No I am not trying to sound snooty, just looking at options :)


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Hi Mike, three years ago, five of us rented this place for 5 days. Look around at this and other cabins available on Amigo's site.

http://www.amigorealtyllc.com/c/Day-Cabin
 
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Lot of Campgrounds in the Area, Any recommendations? would like to get a site reserved for this trip. Thanks!
 
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Sander...On the days your wife goes riding, you mentioned staying on Jeep roads and such. How many miles does that type trip entail?
My wife rides a greatly shortened 200 2 stroke but i'd be worried about mileage. Although I think it would not be a problem I was just wondering.
Thanks
 
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My wife rides a plated plated Yamaha TTR125L with the stock tank, she has never had to switch to reserve. We average about 60 miles per day, I think my group has only broken 100 miles in a day a couple of times when just riding around Cloudcroft. We wander around out in the woods until mid-afternoon then plan a route back in to town. For me 60 miles of dual sporting equals 200-250 of adventure riding.

There is gas available in of course Cloudcroft, but also Weed, High Rolls, Mayhill and Pinion.

37594980042_37953eae82_b.jpg
DSC01976 by AvantMotorcycles, on Flickr
 
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My wife rides a plated plated Yamaha TTR125L with the stock tank, she has never had to switch to reserve. We average about 60 miles per day, I think my group has only broken 100 miles in a day a couple of times when just riding around Cloudcroft. We wander around out in the woods until mid-afternoon then plan a route back in to town. For me 60 miles of dual sporting equals 200-250 of adventure riding.

There is gas available in of course Cloudcroft, but also Weed, High Rolls, Mayhill and Pinion.

37594980042_37953eae82_b.jpg
DSC01976 by AvantMotorcycles, on Flickr


This picture may be exactly what I need to talk my wife into going and riding her TDub. She goes kind of slow but I think she would enjoy the scenery as long as we stick to double track. 60 mile rides sound like my cup of tea as well specially on a smaller bike.


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Im not sure if we can make it

We just ordered his and hers Radrover electric bicycles

4in fat tires!!!
 

Dahveed

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Interesting. I like the concept of this as far as well get together at a given time and meet up to ride. Not an organized rally, but just a group that comes together at an agreed upon time and place. Gonna try to see if I can make this one.
 

Dahveed

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Lot of Campgrounds in the Area, Any recommendations? would like to get a site reserved for this trip. Thanks!
Getting a reservation is a good idea. Summer is probably busy up there. Late July is the early part of the monsoon season I think, so the desire to camp in the afternoon rain is an requirement.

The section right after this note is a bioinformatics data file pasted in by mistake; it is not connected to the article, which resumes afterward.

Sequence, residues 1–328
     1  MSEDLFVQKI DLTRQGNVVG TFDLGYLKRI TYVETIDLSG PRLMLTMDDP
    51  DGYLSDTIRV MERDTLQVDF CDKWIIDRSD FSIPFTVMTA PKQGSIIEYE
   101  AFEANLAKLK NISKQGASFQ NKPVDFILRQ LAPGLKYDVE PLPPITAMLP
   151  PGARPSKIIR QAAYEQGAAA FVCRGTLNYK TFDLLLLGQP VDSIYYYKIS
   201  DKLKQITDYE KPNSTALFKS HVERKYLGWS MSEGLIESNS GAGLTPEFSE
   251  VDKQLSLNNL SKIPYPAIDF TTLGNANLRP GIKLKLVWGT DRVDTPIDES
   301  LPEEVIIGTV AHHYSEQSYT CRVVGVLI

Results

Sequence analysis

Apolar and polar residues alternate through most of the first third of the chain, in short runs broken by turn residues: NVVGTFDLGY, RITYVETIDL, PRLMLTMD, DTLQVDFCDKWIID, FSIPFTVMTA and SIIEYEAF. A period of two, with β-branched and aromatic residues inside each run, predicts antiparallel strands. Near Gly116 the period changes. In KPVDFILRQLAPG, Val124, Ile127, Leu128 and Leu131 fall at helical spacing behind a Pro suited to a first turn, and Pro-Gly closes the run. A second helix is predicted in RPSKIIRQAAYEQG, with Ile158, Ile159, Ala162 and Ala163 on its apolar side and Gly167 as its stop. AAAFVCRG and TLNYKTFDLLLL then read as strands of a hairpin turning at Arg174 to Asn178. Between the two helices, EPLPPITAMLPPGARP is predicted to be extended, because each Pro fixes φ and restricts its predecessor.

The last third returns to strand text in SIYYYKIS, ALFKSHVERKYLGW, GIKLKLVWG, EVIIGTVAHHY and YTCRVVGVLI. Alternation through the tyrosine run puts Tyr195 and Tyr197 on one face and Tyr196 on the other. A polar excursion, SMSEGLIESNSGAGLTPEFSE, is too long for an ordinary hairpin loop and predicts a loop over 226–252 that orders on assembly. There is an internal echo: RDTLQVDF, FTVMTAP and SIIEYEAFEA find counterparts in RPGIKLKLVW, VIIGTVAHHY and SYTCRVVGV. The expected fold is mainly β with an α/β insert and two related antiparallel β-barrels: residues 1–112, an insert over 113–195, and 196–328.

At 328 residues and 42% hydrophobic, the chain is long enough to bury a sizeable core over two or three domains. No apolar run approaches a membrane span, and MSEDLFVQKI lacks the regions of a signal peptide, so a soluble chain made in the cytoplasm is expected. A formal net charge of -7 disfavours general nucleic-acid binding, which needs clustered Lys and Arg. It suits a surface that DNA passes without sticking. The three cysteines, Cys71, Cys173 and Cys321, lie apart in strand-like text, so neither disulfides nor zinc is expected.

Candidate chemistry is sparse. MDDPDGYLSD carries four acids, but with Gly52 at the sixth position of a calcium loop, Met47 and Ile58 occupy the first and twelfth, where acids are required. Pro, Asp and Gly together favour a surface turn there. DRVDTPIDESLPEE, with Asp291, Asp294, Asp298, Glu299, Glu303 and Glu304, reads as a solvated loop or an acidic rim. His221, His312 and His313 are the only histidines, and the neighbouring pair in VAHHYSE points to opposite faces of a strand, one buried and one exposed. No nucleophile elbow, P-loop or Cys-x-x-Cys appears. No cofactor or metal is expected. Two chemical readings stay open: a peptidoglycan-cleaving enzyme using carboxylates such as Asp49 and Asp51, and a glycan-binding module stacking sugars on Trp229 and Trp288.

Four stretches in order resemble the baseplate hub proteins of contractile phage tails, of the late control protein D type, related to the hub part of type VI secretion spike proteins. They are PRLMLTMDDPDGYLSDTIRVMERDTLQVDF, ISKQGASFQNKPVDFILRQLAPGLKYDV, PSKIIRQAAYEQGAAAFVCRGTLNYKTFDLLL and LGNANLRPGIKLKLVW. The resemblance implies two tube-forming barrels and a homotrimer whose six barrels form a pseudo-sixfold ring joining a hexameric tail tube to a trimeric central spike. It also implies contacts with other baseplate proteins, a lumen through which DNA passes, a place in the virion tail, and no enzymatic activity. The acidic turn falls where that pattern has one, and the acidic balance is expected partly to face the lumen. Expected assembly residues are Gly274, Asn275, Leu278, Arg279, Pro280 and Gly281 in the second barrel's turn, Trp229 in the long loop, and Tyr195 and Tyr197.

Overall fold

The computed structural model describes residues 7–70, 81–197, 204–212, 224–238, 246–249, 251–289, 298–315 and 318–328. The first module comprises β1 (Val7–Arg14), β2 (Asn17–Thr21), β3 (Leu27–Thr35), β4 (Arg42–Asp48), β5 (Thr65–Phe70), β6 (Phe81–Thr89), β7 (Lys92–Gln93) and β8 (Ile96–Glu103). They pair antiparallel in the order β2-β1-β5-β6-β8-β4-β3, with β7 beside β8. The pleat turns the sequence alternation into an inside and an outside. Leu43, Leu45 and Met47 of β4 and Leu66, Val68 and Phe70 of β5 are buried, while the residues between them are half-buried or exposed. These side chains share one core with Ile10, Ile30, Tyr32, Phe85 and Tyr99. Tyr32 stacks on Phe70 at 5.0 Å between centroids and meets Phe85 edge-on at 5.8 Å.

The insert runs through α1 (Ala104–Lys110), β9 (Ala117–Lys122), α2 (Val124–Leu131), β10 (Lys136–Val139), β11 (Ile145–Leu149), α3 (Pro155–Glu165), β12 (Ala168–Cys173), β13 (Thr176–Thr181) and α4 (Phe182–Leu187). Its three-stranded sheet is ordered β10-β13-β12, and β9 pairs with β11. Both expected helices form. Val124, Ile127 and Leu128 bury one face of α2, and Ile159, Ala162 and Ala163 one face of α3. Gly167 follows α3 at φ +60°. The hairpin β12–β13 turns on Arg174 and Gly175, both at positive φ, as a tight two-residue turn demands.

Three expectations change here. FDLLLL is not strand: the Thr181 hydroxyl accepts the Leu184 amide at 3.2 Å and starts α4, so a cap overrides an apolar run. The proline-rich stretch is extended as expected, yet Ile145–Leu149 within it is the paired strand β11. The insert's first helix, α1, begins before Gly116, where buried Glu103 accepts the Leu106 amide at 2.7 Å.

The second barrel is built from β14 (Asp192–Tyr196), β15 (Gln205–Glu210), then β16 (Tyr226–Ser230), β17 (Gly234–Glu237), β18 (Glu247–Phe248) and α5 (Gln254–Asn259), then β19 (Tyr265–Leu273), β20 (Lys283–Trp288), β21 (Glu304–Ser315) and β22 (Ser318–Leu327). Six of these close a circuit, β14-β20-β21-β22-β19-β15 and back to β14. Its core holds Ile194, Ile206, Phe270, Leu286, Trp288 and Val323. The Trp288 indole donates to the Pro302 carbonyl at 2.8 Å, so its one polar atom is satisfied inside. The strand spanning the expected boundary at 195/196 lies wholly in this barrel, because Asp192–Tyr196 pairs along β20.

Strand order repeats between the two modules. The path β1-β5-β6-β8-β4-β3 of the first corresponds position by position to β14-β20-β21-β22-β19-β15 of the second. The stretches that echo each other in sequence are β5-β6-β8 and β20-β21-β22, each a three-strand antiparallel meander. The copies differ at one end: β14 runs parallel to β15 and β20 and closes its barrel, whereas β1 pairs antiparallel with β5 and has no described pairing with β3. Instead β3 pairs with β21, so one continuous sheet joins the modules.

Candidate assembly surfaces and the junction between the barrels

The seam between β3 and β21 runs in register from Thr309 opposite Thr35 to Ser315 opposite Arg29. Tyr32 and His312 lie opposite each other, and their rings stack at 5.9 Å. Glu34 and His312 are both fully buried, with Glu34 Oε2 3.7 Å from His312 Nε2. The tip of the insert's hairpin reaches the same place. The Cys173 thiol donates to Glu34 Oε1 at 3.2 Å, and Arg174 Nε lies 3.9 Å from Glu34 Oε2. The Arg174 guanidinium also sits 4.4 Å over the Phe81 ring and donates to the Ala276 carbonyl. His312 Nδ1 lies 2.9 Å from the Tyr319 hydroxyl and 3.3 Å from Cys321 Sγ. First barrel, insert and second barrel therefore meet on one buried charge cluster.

There are many national forest campgrounds in that area. Or there used to be. I haven't been there in a few years.
 
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BBJ

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Any big bikes going? I would be interested if there are. I am on an africa twin and don't want to do difficult single tracks.

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Dahveed

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Any big bikes going? I would be interested if there are. I am on an africa twin and don't want to do difficult single tracks.

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There are many twisty paved roads and quite a few gravel roads as well in that area of New Mexico. I'm not sure what bikes I'll even own by then or which of them will be operational. So I might bring the big GS. No guarantees. :trust:
 
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BBJ there are a lot of great forest roads that out there. We rode several hundred miles there and barely scratched the surface plenty of fun to be had on and off road on a big bike. One of my riding partners was on GS800 and he went everywhere we went. I would really like to go this year but I am not sure I am going to make it. We are doing the NMBDR in early June and my son will be gone during this years event. I am sure i am going to be way behind on work and I'm not sure Ill catch up in time.
 

FCBH

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Well, well...I am in Mayhill, New Mexico for the weekend with Jazzy Gina. I was sitting at lunch today and the park ranger mentioned that due to the extreme drought conditions, they may close all FR trails to motorized vehicles including hikers by May 12 if they do not receive significant rain.

RB

20180421_133259-L.jpg
 
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Well, well...I am in Mayhill, New Mexico for the weekend with Jazzy Gina. I was sitting at lunch today and the park ranger mentioned that due to the extreme drought conditions, they may close all FR trails to motorized vehicles including hikers by May 12 if they do not receive significant rain.

RB

20180421_133259-L.jpg
Aaagghh!! Say it isn't so. I was worried about that because of the drought. Let's hope they get some rain pronto.
 
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That isn't uncommon before the monsoon season hits.

Spring is the windy season. These high winds dry the forest to the point of extreme fire danger. Fire is a constant threat in the Lincoln National Forest. The fire season usually starts in March or April and continues through mid-July. If the fire danger becomes too high, open fires may be prohibited, and forest areas and roads may be closed. The rainy season begins in July and continues through September, helping to end the immediate fire threat.
 
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I saw that they issued stage one restrictions already. Since 2010 they have only closed the fire roads once that I'm aware of. Hopefully it won't happen this year.